dollars in contributions to conservative groups and a stake in Breitbart. . .

Mr. Mercer became Cambridge’s principal investor. . .

Mr. Mercer has never spoken publicly about his policy views in depth,
but his giving is eclectic: He has financed anti-Clinton documentaries,
right-wing media watchdogs, libertarian think tanks and both
Senator Ted Cruz, a religious conservative, and Mr. Trump. . .

“The genius here is Bob, and the billionaire in this is Bob, and the
person with the extreme views of how the world should be is Bob,”
said David Magerman, a Renaissance research scientist who was recently
suspended after criticizing his boss’s support for Mr. Trump. . .

At the moment, according to former employees, Cambridge has relatively
few well-known corporate clients in the United States. Among them are. . .
Goldline, which sells gold coins and markets heavily to listeners
of conservative talk radio. . .

Data science is about to reshape marketing, Mr. Nix maintained, and the
big advertising conglomerates would survive only by developing their
own targeting technology — or acquiring companies like Cambridge. . .

jimf said...
_The Theory and Practice of Oligarchical Collectivism_
Emmanuel Goldstein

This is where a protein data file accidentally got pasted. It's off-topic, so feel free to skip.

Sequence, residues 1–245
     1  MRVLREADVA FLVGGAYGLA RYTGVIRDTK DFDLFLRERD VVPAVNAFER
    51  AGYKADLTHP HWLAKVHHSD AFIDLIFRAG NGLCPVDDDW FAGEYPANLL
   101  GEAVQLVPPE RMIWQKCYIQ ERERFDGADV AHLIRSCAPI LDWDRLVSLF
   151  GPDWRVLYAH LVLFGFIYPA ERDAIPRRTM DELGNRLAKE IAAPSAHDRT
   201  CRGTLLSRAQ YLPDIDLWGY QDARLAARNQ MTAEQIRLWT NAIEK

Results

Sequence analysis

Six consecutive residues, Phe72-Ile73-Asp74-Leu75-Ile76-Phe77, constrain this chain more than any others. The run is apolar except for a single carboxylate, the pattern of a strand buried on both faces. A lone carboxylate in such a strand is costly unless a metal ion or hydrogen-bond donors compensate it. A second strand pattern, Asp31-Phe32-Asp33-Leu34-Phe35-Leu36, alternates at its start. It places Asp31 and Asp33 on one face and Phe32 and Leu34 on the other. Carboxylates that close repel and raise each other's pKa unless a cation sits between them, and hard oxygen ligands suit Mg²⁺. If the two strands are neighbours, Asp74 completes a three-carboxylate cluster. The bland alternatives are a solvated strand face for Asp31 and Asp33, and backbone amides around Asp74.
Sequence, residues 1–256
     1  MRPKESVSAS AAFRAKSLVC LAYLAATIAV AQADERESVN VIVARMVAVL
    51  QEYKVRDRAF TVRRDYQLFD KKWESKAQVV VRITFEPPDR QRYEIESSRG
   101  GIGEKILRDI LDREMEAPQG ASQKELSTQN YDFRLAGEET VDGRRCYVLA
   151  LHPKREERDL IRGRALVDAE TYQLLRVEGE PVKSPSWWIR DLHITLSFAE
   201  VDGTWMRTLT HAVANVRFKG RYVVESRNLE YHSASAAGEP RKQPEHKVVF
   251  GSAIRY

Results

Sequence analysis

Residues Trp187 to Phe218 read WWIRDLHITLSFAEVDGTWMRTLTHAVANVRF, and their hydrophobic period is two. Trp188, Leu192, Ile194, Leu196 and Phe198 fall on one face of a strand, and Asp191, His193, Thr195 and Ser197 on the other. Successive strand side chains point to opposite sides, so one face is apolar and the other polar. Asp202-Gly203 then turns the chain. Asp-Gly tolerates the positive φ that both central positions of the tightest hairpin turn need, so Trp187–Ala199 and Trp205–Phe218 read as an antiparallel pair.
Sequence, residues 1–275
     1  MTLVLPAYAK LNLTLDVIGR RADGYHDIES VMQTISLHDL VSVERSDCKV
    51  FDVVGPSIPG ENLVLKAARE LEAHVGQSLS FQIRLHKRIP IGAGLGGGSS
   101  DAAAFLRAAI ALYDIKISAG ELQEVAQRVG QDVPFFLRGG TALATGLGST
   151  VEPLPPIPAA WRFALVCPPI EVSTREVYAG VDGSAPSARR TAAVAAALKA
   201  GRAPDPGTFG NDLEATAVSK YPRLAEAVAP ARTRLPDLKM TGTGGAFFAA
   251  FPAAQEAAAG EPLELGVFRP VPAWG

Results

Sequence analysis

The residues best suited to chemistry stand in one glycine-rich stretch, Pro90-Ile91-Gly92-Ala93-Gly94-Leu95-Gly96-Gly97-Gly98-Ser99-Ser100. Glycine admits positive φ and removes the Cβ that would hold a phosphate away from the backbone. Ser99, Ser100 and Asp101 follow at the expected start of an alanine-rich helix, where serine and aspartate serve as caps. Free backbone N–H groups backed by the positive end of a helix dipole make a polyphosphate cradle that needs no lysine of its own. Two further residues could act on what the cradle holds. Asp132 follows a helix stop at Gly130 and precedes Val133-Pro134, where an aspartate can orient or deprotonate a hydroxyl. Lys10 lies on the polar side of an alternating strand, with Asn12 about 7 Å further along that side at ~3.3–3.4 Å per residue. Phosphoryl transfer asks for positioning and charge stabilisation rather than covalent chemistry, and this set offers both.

Chapter 3, "War is Peace"
[George Orwell, _1984_]

. . .

In Oceania at the present day, Science, in the old sense, has almost
ceased to exist. In Newspeak there is no word for 'Science'.
The empirical method of thought, on which all the scientific achievements
of the past were founded, is opposed to the most fundamental principles
of Ingsoc. And even technological progress only happens when its
products can in some way be used for the diminution of human liberty.
In all the useful arts the world is either standing still or going
backwards. The fields are cultivated with horse-ploughs while books
are written by machinery. But in matters of vital importance - meaning,
in effect, war and police espionage - the empirical approach is still
encouraged, or at least tolerated. The two aims of the Party are to
conquer the whole surface of the earth and to extinguish once and for
all the possibility of independent thought. There are therefore two
great problems which the Party is concerned to solve. One is how to
discover, against his will, what another human being is thinking,
and the other is how to kill several hundred million people in a few
seconds without giving warning beforehand. In so far as scientific
research still continues, this is its subject matter. The scientist
of today is either a mixture of psychologist and inquisitor, studying
with real ordinary minuteness the meaning of facial expressions, gestures,
and tones of voice, and testing the truth-producing effects of drugs,
shock therapy, hypnosis, and physical torture; or he is chemist,
physicist, or biologist concerned only with such branches of his
special subject as are relevant to the taking of life. . .

But none of these projects ever comes anywhere near realization. . .

jimf said...

_Documents Relating to the Sentimental Agents of the Volyen Empire_
(Vol. 5 of Canopus in Argos: Archives, by Doris Lessing, 1983)
Grice vs. Volyen

. . .

In this disturbing setting did the Trial start today. . .

"I accuse Volyen of not providing me -- representing for the purpose
of this Trial all of Volyen's citizens -- with real information as to